4 Banjo Songs, 1891-1897
Charles A. Asbury

4 Banjo Songs, 1891-1897
March 25, 2018 hennessey
Charles Asbury: 4 Banjo Songs, 1891-1897

This May, you can hear what only a handful of people have ever heard: the oldest recordings of banjo songs in existence, played by an African American veteran of the minstrel stage, Charles A. Asbury. 4 Banjo Songs, 1891-1897 presents four of the rarest wax cylinders in a beautiful vinyl package. It is a seven-inch 45-rpm disc in a gatefold sleeve, with lyrics and a 16-page booklet of biographical and musical notes by Grammy-nominated authors Richard Martin and Ted Olson. List price: $16.99


  • Catalogue number: ARCH EPV-0704-181
  • UPC: 868490000241
  • Original release date: May 4, 2018
  • Running length: 4 track EP
  • Format: 7-inch 45 rpm vinyl
  • Notes & packaging: Packaged in a gatefold sleeve with a 16-page color booklet
  • Tracks recorded: 1891-1897
  • Awards: 61st GRAMMY Nominee, Best Album Notes
Tracks and Sound SamplesProduct DescriptionReviews & PraiseHonors & AwardsExplore FurtherAdditional Photos
 Sample all tracks 
1. Haul the Woodpile Down Charles Asbury ca. 1893–94
2. Never Done Anything Since Charles Asbury ca. 1892–93
3. A New Coon in Town Charles Asbury 1897
4. Keep in de Middle ob de Road Charles Asbury ca. 1891
Foundational Recordings of America’s Iconic Instrument

Now every music fan has the chance to listen to what only a handful of people have ever heard: the oldest recordings of banjo songs in existence, played by an African American veteran of the minstrel stage, Charles A. Asbury (ca. 1857-1903). Born in Florida but raised in Georgia by a Baptist preacher, Asbury played Sambo in stage productions of Uncle Tom’s Cabin before becoming a noted vocalist with the original Unique Quartette and a celebrated banjoist on the vaudeville stage. His banjo songs were popular in phonograph arcades all over the country in the early 1890s, years before phonographs went into people’s homes. He did yeoman work for the infant phonograph companies–churning out wax cylinders, a few at a time, for seven years–before disappearing abruptly from the annals of the stage and recording history. Did he fall ill? Was skin color a factor? The booklet accompanying this record unsnarls, for the first time, these mysteries about Asbury’s background, ethnicity, and the era in which he both flourished and foundered. Another milestone is the use of CPS1–the first fully-integrated cylinder playback system–to transfer these rarities. Thanks to this recently developed technology, paired with careful restoration work, the stunning clear sound of these rarest of the rare wax cylinders from 125 years ago is finally heard.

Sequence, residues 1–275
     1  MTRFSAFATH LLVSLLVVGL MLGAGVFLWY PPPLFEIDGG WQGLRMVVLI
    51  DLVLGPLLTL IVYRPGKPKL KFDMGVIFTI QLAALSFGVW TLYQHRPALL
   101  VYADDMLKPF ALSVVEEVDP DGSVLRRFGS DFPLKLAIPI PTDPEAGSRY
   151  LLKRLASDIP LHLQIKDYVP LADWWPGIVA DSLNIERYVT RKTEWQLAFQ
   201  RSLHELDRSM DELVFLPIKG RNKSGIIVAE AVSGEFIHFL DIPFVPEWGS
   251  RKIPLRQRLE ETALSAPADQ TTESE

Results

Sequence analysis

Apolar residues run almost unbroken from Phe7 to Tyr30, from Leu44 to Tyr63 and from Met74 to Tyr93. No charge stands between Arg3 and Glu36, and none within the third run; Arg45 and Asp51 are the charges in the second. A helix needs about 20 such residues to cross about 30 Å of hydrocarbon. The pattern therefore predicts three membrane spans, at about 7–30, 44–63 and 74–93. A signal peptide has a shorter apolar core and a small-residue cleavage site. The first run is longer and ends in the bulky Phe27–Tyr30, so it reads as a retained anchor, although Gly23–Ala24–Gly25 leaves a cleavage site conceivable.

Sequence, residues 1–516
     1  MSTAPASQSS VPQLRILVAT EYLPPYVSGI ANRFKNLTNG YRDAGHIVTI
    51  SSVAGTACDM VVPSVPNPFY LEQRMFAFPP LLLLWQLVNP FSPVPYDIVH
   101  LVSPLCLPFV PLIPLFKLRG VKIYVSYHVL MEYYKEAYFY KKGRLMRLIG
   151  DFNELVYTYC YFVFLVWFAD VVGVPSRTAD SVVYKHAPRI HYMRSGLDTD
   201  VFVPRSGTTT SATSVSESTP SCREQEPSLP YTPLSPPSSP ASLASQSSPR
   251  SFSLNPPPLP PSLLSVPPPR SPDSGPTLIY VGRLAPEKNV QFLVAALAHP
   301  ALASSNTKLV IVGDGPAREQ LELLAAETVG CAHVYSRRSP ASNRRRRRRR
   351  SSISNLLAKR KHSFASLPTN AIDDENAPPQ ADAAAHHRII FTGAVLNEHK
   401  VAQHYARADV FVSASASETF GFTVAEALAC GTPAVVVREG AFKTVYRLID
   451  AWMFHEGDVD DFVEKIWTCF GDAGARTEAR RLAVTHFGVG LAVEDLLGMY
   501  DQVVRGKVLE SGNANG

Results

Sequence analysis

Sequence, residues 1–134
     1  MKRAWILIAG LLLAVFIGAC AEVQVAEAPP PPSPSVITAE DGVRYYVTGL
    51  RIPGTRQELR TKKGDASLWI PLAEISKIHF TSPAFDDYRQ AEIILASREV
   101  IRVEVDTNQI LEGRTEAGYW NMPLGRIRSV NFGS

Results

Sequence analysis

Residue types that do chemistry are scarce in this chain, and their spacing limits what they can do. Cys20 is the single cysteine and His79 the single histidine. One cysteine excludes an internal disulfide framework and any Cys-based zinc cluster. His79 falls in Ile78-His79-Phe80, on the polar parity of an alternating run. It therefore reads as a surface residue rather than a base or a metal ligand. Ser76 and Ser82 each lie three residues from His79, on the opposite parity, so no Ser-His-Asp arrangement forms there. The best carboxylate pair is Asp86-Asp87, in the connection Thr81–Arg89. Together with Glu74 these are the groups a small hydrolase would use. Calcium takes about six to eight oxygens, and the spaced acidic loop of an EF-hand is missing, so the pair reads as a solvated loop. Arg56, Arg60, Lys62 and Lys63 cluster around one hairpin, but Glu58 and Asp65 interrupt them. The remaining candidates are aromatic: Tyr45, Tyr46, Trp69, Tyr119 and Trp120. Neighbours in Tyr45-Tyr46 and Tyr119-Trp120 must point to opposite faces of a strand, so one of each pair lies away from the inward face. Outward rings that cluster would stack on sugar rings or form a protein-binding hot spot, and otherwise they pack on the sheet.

The oldest recording on the set dates to about 1891, making it the oldest known banjo recording in private hands. Asbury played in the old minstrel “stroke” banjo style that virtually disappeared from the vernacular and has only in recent years been rediscovered and reinvigorated by scholars of American banjo music. Grammy-nominated authors Richard Martin and Ted Olson document both the previously unknown history of Charles A. Asbury and his style of playing, as well as his place in the tradition.

This is a seven-inch mono 45-rpm vinyl EP, housed in a double-pocket gatefold sleeve, with a lyric sheet and sixteen-page full-color booklet. The Grammy-winning production team of Meagan Hennessey and Richard Martin, in collaboration with John Levin and Ted Olson, have created a beautiful little set that packs an outsize punch.